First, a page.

These results have implications tor the conservation of this endangered species.

RCN1/OsABCG5 is involved in accumulation of ABA in guard cells, indispensable for stomatal closure.

 

 

Rice Stomatal Closure Requires Guard Cell Plasma Membrane ATP-Binding Cassette Transporter RCN1/OsABCG5

by Matsuda S., Takano S., Sato M., Furukawa K., Nagasawa H., Yoshikawa S., Kasuga J., Tokuji Y., Yazaki K. , Nakazono M., Takamure I., Kato K. (2016)

Shuichi MatsudaSho TakanoMoeko SatoKaoru FurukawaHidetaka NagasawaShoko YoshikawaJun KasugaYoshihiko TokujiKazufumi YazakiMikio NakazonoItsuro TakamureKiyoaki Kato

in Molecular Plant 9(3): 417-427 – DOI10.1016/j.molp.2015.12.007 –

https://www.infona.pl/resource/bwmeta1.element.elsevier-5eeb3a48-d31e-306b-9276-ac30a3777cf3

Abstract

Water stress is one of the major environmental stresses that affect agricultural production worldwide. Water loss from plants occurs primarily through stomatal pores.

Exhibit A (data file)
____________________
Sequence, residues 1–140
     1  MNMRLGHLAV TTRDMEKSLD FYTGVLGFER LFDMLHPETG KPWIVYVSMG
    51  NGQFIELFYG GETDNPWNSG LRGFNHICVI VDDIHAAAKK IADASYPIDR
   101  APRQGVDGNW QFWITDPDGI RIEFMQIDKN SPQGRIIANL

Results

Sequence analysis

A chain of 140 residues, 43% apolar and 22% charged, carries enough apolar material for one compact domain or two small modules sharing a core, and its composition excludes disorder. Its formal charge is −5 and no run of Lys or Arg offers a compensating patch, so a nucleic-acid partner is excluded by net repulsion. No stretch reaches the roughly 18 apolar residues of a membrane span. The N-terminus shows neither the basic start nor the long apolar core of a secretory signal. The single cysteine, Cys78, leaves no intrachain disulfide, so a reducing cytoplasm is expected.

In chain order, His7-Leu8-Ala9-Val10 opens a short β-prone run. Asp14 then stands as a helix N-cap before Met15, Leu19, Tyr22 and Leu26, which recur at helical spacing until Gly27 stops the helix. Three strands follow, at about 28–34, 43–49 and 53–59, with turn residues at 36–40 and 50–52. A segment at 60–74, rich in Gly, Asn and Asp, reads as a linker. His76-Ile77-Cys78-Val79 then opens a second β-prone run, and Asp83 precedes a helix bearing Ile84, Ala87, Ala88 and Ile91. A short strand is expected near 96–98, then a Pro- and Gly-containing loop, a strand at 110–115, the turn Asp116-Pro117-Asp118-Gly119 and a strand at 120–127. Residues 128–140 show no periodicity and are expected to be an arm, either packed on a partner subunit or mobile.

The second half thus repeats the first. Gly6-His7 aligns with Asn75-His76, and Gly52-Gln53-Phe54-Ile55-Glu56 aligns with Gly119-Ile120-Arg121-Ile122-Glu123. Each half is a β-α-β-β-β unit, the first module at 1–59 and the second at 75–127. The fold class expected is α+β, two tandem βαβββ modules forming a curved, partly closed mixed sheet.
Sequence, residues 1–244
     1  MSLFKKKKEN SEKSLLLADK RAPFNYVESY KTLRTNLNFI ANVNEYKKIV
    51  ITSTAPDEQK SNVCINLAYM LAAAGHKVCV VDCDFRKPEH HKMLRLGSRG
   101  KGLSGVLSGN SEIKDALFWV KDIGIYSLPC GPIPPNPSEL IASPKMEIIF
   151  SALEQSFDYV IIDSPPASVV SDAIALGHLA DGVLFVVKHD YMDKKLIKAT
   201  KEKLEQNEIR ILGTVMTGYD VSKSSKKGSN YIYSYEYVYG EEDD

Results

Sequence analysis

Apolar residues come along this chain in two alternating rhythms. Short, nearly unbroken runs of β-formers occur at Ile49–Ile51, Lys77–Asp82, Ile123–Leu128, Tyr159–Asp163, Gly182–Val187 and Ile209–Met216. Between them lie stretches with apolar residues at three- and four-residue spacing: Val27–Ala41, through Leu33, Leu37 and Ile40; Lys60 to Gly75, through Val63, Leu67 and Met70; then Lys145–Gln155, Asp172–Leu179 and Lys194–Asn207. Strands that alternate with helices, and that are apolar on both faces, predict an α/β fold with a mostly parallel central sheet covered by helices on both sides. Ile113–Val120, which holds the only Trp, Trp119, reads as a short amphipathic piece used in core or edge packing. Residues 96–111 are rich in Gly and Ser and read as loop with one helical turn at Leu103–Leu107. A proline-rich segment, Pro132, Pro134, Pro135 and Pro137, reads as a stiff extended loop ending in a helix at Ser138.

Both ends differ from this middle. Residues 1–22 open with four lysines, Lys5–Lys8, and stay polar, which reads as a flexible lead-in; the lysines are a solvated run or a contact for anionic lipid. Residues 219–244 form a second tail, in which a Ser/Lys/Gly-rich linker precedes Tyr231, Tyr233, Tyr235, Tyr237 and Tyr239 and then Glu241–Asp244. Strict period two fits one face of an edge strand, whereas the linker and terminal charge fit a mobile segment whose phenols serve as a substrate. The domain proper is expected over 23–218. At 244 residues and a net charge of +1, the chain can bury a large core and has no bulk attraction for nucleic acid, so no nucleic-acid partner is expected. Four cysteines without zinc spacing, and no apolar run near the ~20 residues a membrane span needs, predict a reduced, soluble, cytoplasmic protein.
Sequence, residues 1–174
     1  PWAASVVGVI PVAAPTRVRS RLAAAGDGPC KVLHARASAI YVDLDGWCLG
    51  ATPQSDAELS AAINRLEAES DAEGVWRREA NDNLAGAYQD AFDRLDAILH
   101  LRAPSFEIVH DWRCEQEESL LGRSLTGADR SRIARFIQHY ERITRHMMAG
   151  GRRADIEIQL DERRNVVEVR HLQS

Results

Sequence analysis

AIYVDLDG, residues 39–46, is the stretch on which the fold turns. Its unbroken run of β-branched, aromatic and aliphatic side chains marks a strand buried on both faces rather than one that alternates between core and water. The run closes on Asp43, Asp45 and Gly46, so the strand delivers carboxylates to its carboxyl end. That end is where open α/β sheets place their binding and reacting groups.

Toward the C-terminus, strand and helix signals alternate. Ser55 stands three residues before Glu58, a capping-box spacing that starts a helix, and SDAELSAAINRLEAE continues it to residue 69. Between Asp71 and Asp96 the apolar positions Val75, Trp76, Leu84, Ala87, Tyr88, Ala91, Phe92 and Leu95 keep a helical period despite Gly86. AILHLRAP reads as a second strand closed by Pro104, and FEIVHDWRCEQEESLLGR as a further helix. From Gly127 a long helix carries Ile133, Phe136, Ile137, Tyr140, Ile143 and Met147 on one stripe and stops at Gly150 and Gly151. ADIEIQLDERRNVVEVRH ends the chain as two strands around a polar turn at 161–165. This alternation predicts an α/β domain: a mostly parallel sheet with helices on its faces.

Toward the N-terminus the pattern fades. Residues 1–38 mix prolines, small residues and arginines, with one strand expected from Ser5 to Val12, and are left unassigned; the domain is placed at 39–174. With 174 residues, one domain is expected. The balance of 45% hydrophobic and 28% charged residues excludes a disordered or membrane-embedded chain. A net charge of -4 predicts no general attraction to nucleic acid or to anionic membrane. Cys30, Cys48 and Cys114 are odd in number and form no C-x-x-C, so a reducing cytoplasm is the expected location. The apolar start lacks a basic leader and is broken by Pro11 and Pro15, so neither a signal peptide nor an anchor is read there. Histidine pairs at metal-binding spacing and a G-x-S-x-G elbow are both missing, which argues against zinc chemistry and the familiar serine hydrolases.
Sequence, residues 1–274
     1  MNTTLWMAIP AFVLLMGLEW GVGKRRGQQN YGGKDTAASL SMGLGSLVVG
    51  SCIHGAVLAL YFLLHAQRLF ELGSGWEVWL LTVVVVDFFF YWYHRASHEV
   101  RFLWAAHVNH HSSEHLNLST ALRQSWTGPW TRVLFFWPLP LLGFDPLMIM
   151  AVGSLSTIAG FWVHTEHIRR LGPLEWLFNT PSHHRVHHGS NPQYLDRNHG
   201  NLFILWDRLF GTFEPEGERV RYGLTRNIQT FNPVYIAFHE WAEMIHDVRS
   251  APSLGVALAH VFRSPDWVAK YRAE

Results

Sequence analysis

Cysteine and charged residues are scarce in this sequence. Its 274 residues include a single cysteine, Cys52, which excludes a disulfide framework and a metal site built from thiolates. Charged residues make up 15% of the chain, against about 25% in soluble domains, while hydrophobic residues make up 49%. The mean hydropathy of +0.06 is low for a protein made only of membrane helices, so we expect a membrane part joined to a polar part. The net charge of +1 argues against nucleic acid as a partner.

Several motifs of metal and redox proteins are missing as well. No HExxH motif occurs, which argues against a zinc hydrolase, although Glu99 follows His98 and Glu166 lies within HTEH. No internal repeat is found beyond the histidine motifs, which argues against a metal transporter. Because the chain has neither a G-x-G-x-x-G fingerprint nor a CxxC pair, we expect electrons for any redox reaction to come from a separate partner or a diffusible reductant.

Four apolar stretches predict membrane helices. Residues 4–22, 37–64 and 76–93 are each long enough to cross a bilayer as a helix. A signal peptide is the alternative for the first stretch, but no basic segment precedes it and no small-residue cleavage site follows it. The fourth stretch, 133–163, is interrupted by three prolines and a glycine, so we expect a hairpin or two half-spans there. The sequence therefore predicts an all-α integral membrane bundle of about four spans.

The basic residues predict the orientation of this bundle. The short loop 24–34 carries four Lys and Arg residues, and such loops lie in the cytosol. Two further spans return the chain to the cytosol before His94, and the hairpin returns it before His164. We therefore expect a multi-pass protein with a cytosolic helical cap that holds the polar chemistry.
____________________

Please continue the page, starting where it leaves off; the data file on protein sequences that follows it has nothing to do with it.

Here, we report that an Oryza sativa half-size ATP-binding cassette (ABC) subfamily G protein, RCN1/OsABCG5, is involved in stomatal closure mediated by phytohormone abscisic acid (ABA) accumulation in guard cells.

We found that the GFP-RCN1/OsABCG5-fusion protein was localized at the plasma membrane in guard cells. The percentage of guard cell pairs containing both ABA and GFP-RCN1/OsABCG5 increased after exogenous ABA treatment, whereas they were co-localized in guard cell pairs regardless of whether exogenous ABA was applied.

ABA application resulted in a smaller increase in the percentage of guard cell pairs containing ABA in rcn1 mutant (A684P) and RCN1-RNAi than in wild-type plants. Furthermore, polyethylene glycol (drought stress)-inducible ABA accumulation in guard cells did not occur in rcn1 mutants.

Stomata closure mediated by exogenous ABA application was strongly reduced in rcn1 mutants. Finally, rcn1 mutant plants had more rapid water loss from detached leaves than the wild-type plants.